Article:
http://www.youtube.com/watch?v=R9kQqRn2ZpQ
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    Tip #
    13
    Aren't I too old to be dealing with acne?!!

    Adult female acne is actually very common. There are many causes, known and unknown. Genetic factors and hormonal changes are the most common. But there are other things that can cause flares of acne such as facial and hair products, sweating in areas of occlusion and environmental changes such as weather or lots of traveling. Occasionally, some medications (such as steroids) can cause acne. Stress can also cause flares, but this is probably due to hormonal changes. Believe it or not and despite lots of claims out there, there are no consistent studies that show that any specific foods cause acne, and most make-ups these days (except for some costume make-ups) are not acne-provoking (non-comedogenic). Despite the lack of evidence linking diet and acne, some people feel strongly that diet is, in fact, associated with their acne.

    My next posts will be devoted to discussing different treatment options. In the meantime, my strong advice is to think carefully about your acne in relation to the factors mentioned above, as well as other things you may think are causing your acne. Before trying over the counter acne medications, make any lifestyle changes you feel are contributing to your acne. Because of the weeks to months of delay in provoking acne, the association between these factors is sometimes difficult to pinpoint. But most of us don’t have the patience to take this on or can’t bear the thought of struggling with acne through this trouble shooting period and just want treatment. And that is o.k. too since most women’s acne is genetic and hormonal, remember :), and there’s typically nothing you can change about these factors.

    Another thing to think about is where your acne occurs. For instance, does it mostly affect your hairline, back & chest, jawline, areas that are under occlusion from hats or clothing, or areas near where you use hair products, etc.? Does the acne occur all month long or does it cycle with your period? Is it better or worse in the summer? When did it start? What seems to make it better or worse? Is it worse during times of stress? Does your acne consist primarily of little skin-colored bumps, small pink pimples or pustules, or deep tender cysts?

    Being able to answer these things will help your dermatologist better manage your acne if you’re not able to treat it yourself. A good dermatologist will base your treatment not only on how the acne looks, but also on the information you provide at a consult. And take heart, even dermatologists get acne—I’ve had intermittent acne several times over the course of my adult life after nursing my four children, and I’ve even had to give up some beloved hair products as well! During the next posts I will talk to you about the steps you should take at home and when it’s time to see your dermatologist for prescription treatments.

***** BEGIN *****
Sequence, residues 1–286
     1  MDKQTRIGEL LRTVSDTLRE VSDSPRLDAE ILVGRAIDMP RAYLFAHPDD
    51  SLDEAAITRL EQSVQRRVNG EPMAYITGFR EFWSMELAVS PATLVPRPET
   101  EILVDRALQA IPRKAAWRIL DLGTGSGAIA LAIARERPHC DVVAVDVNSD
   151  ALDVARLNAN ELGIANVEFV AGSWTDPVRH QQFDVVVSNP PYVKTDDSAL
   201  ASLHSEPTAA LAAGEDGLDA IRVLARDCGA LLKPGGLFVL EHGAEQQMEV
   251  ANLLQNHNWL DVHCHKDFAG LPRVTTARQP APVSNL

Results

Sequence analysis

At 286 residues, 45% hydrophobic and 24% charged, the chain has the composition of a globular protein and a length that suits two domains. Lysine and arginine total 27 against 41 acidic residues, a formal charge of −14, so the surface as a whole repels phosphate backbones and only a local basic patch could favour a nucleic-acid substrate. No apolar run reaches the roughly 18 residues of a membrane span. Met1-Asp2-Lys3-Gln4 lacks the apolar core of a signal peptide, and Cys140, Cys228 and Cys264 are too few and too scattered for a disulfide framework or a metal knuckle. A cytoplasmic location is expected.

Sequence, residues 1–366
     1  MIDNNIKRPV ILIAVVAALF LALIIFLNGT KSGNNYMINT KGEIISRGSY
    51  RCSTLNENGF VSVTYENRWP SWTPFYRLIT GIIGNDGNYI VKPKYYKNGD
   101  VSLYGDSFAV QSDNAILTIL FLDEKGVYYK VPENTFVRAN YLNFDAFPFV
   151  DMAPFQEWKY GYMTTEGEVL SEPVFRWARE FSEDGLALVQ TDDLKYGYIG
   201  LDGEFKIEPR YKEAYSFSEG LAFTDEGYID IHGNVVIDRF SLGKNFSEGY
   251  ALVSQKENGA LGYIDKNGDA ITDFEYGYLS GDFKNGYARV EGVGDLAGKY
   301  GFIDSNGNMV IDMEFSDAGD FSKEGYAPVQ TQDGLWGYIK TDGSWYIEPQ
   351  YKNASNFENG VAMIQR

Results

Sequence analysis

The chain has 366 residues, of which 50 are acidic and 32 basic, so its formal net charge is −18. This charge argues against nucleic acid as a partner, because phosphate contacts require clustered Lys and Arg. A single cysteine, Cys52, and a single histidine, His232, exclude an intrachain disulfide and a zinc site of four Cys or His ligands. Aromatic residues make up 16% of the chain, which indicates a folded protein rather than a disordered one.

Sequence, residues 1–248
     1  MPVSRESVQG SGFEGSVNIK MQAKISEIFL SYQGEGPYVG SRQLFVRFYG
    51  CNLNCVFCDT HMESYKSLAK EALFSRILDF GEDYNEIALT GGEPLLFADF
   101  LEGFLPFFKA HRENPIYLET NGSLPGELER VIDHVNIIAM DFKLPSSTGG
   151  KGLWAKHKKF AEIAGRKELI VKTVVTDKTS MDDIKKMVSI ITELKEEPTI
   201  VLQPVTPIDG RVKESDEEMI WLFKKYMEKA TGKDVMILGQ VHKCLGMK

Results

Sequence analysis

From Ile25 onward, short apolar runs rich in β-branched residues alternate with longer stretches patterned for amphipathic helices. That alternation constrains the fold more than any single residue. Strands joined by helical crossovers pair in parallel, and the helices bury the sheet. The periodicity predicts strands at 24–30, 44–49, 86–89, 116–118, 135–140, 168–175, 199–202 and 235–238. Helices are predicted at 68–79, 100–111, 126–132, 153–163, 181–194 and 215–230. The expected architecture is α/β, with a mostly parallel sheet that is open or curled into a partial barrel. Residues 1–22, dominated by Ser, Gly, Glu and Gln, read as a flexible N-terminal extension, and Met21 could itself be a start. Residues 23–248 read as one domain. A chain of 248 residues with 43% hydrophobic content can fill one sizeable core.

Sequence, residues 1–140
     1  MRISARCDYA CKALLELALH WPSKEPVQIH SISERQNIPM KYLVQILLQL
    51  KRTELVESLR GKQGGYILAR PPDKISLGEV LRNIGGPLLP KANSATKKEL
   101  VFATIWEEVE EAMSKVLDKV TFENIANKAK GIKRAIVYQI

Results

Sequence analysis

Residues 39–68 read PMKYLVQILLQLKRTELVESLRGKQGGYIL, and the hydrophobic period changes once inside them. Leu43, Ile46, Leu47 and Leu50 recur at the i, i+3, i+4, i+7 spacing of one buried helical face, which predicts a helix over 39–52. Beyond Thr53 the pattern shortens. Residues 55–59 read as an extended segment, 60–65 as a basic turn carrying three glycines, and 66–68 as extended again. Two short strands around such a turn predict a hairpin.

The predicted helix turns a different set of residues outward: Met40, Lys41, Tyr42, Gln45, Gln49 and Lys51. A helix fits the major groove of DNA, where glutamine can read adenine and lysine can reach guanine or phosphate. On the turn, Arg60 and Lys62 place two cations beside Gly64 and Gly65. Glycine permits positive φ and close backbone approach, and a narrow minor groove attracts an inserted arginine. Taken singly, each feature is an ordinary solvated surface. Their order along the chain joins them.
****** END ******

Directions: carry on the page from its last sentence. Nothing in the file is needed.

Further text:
http://www.youtube.com/watch?v=EEBC5SzzJbo
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    Tip #
    12
    Why do I have dark circles under my eyes and can I do anything about them?

    Dark circles under your eyes are a combination of many things. They can be structural—the way your eye sits in its socket and how the skin, fat and muscle drape over and around it, creating a shadowing effect under the eye—and that’s often genetic. Sometimes the darkness has a bluish hue to it due to the fact that the skin around the eyes is the thinnest skin on a woman’s body, and you can see hints of the blue venous blood under the skin. “Bags” under your eyes can be worse in the morning from fluid collecting under your eyes during the night, and this may be seen if you’re retaining water, creating puffy lower eyelids and a shadowing effect.

    So what can you do about it? If “bags” are your problem, the simplest thing you can do is to make dietary changes and avoid salty foods that cause you to retain water. If you are puffy in the morning, cold compresses and natural herbal diuretics such as dandelion, ginger, nettle, fennel, linden and juniper or foods such as grapes, strawberries, watermelon, lemon and pineapple juice may help to redistribute and lessen extra fluid.

    If dark circles are your problem, the easiest and least expensive thing to do is to talk to a make-up specialist about using lighter make-up under your eyes to control the shadowing. For more dramatic results, a dermatologist may be able to use filler under your eyes to minimize the shadowing by physically changing the way the skin drapes around the eye. Besides bruising and the cost (hundreds of dollars) this can be a terrific treatment if you are a good candidate. This may be all you need and can last many years.

    For some individuals, however, an even more aggressive treatment may be indicated. This may include a combination of ablative or fractional lasering and/or a lower lid blepharoplasty consisting of the removal of fat from the lower eyelid, which treatments will actually tighten the skin and remove the puffiness, respectively. This can be done in addition to adding a filler and can have dramatic effects. But there is longer recovery time for these procedures and they are more expensive. Fortunately, this is usually not necessary for younger women.

    Personally, the most effective thing I’ve done for my lower eyelids was CO2 lasering with just a touch of JUVEDERM (filler) which helped not only with my dark circles but also helped my wrinkly lower eyelid skin without changing my appearance. The recovery time for the lasering was painfully long (that’s why I looked like Jackie O. for a month with my big sunglasses!) but for me it was well worth it!